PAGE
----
‘It’s all about me encouraging children to get involved with books’

Laureate na nÓg P J Lynch

Laureate na nÓg P J Lynch.

Laureate na nÓg P J Lynch.

PJ Lynch, Ireland's Laureate na nÓg, and an acclaimed book illustrator and artist from Belfast, who has won numerous awards for his work, will launch this year's Baboró International Arts Festival for Children.

Now resident in Dublin, Lynch has also designed posters for Opera Ireland and the Abbey Theatre, several sets of Irish stamps, and executed a religious mural for the basilica at Knock. I caught up with him for a phone chat when he was in New York promoting Irish writers as part of his laureate duties. I began by asking how he was first drawn to illustration.

“I did a foundation year in Jordanstown," he says. "That was the first time I got an inkling of what illustration was. Then I moved to art college in Brighton the next year which was very strong in illustration, particularly book illustration. Raymond Briggs was one of our teachers there and he inspired a lot of us to go down that route. He came in once a week and he was a lovely presence who energised everybody. We were aware of his books and he took us into the room one day and showed us a rough cut of The Snowman. We couldn’t believe how good it was and many of us went down the route of children’s books after that.

“When I was at school I wanted to be a painter but at that time I was looking back to the Renaissance period and the Old Masters. I’d have known about the 19th century artists but I wasn’t in touch with what was happening in the 20th century. I learned all about that at Belfast College of Art and started to discover artists who I grew to love like Gustav Klimt, whose work I still really admire. When I went to Brighton I started learning about people like Arthur Rackham and Norman Rockwell and they influenced my work in a big way.”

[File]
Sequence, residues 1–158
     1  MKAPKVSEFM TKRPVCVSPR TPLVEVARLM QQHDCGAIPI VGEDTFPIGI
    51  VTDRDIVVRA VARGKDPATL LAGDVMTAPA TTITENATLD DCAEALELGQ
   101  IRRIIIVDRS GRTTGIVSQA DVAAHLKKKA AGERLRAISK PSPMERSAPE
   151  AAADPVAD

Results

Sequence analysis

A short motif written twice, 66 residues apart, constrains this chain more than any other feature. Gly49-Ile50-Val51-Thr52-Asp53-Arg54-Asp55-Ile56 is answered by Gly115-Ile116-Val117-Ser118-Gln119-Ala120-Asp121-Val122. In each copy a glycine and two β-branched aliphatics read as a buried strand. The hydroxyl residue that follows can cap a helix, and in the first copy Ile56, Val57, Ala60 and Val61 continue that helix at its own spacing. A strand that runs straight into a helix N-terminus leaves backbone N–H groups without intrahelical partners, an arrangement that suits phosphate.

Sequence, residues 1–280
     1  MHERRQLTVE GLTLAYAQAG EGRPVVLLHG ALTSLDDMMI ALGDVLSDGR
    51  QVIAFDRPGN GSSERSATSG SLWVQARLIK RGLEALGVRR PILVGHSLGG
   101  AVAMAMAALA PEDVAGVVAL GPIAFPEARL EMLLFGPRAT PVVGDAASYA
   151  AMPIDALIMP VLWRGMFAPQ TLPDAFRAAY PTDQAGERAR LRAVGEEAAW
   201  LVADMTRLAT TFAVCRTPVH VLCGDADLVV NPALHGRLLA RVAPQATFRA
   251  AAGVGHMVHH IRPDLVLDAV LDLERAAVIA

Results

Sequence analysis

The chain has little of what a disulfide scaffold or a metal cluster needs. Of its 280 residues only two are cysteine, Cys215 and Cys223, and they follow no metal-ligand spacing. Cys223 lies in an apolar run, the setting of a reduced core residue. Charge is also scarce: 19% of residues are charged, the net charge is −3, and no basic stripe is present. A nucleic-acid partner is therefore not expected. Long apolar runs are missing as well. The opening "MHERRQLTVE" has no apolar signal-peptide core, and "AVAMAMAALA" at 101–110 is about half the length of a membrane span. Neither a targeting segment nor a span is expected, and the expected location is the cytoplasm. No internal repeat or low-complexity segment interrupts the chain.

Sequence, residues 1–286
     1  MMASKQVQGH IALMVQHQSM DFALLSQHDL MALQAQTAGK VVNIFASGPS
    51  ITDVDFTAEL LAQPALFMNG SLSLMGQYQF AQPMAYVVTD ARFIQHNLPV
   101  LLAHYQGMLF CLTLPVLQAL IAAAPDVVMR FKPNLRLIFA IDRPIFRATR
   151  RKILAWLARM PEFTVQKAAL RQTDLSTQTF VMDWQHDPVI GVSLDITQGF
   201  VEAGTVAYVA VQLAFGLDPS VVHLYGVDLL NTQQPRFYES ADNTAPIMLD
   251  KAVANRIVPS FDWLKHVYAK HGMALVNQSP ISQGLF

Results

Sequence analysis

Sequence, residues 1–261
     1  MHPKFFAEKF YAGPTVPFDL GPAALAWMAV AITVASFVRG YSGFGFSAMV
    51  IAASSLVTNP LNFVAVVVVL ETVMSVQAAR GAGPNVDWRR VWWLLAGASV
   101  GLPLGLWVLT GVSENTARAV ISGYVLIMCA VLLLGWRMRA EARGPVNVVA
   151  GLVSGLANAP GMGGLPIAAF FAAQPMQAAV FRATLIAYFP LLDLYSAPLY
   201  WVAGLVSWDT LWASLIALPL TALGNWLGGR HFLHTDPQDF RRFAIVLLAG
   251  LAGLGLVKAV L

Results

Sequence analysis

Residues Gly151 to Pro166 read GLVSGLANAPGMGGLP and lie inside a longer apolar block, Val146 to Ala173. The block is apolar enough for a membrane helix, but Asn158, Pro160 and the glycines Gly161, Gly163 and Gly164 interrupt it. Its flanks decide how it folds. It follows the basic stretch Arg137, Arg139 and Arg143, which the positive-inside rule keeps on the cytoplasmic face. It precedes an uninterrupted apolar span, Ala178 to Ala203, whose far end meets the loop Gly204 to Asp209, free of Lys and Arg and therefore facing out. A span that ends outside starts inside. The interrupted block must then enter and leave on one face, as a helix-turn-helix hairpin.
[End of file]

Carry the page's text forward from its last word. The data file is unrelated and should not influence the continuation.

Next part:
Lynch relates how he got ‘the start’ as a professional book illustrator; “I was lucky in that as soon as I left college some of the students got together an exhibition and we invited all sorts of art directors and one of them gave me a job so it was a nice easy start. That was to illustrate a book of English fairytales by Alan Garner – I’d never even heard of him at the time I was so naïve! That book went really well and I won The Mother Goose Award for it, and that led on to working for different publishers and the books doing better and better. When I started I was interested in other types of illustration like editorial and book covers, but the children’s books were going really well for me and I homed in on that.”

The Boy Who Fell Off The Mayflower

After illustrating many books for other writers, Lynch made his own authorial bow last year with the acclaimed The Boy Who Fell Off The Mayflower [one of PJ's illustrations for which is pictured above].

“I’d written several stories before but I never thought they were good enough to publish,” he reveals. “Then I came across this footnote in the history of The Mayflower about this boy who fell off the ship and was saved. In the history that I read he really was a footnote and it didn’t talk too much about him, but I straightaway wanted to know more about this guy so I found out everything I could and I was delighted with what I discovered.

"He was a servant and he survived the first terrible winter and he married another of the Mayflower passengers. They had 10 children and 88 grandchildren before they died, and they both lived into their eighties. They have 10 million descendants alive today, it’s incredible! I wasn’t quick to get off the mark with that book, my publishers kept giving me really good stories to illustrate and I put off my own idea. Finally I just thought ‘this story is so good and someone else is going to do it if I don’t’ so I finally got down and wrote the story, but it was about five years gestating between the writing and the illustrating.”